The Reserve Bank of Malawi (RBM) has hailed the diaspora engagement policy, saying it will woo more Malawians living abroad to regularly remit home significant amounts of foreign exchange towards personal and national development projects.
RBM director of communication and protocol Mbane Ngwira said this in an interview yesterday when commenting on the government’s draft Malawi Diaspora Engagement Policy that seeks to encourage Malawians in the diaspora to fully take part in national development.
The policy, whose ground work started in 2012, is spearheaded by the Ministry of Foreign Affairs and International Cooperation in collaboration with relevant ministries such as Finance, Economic Planning and Development and entities like RBM.
Ngwira said there are signs that Malawians in the diaspora are responding positively to the plan, over which there have been consultations and meetings on how it should be crafted to give a win-win situation to citizens and their country.
He said in the past, the officially recorded remittances amounted to around K1.4 billion ($2 million) per month, adding that as the policy is now showing the Malawians the many ways they can benefit by remitting funds home through official channels, the amount has jumped to more than K12.1 billion ($17 million) every month from last November,
Ministry of Finance, Economic Planning and Development spokesperson Davis Sado said the diaspora plan can be a game changer in bringing significant forex to Malawi.
He said: “The plan does bring a ray of hope in wooing more Malawians to use it by utilising official remittance channels. We are likely to get better results as the plan is rolled out to more people.”
Speaking at a recent diaspora consultative meeting in Kenya where he met with about 60 Malawians living there, Minister of Foreign Affairs and International Cooperation Emmanuel Fabiano pleaded with the gathering to contribute to the country in any way possible.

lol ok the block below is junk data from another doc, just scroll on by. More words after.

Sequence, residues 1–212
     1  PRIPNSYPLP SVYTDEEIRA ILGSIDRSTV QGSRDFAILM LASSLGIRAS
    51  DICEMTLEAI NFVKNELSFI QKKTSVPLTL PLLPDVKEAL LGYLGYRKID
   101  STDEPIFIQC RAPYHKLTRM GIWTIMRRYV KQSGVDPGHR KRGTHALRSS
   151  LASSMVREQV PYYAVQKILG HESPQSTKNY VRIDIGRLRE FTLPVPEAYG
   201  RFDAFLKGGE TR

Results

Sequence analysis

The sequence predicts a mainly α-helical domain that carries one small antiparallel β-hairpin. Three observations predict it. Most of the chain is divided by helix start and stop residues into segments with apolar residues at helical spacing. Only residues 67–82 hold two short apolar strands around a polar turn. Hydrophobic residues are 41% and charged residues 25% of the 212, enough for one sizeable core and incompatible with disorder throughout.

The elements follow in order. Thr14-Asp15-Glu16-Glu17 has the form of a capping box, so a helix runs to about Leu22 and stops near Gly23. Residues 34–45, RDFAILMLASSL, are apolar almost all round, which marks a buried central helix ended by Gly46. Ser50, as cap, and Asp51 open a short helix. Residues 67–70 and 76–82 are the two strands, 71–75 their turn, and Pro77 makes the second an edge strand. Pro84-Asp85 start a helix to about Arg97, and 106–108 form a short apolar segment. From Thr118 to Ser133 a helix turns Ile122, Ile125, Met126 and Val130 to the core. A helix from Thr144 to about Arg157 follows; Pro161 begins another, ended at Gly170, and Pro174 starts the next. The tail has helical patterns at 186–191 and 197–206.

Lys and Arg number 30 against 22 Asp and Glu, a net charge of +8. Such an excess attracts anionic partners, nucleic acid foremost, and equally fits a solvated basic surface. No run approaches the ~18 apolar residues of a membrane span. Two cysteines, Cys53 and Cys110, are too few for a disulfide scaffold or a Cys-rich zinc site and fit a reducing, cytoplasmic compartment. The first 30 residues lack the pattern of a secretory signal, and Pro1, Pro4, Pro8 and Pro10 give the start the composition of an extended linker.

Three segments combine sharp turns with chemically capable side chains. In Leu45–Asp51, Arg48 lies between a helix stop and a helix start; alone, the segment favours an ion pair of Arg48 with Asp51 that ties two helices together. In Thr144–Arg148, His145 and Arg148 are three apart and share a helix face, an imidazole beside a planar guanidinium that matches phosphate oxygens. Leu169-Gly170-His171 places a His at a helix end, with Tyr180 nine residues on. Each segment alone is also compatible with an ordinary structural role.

He said government had come up with the policy to facilitate a better linkage between citizens abroad and national development.
Said the minister: “The policy acknowledges the great potential that the Malawi diaspora has in terms of skills, investment capital, and ideas in the development of Malawian economy.”
The citizens in diaspora can benefit the country in terms of remittances, and also working as ambassadors to sell the country to the outside world for tourism and general investment. Countries such as Ghana, Ethiopia, Rwanda and Kenya are among few in Africa that are reaping benefits from diaspora engagement.
According to World Bank statistics, diaspora remittances to developing countries are estimated to have reached $429 billion in 2016 and expected to reach $450 billion in 2017, which is more than double the official development aid remitted to these countries. A large part of these savings is held in bank deposits, which can significantly contribute to developing countries’ development.
Cabinet approved the Malawi Diaspora Engagement Policy last year.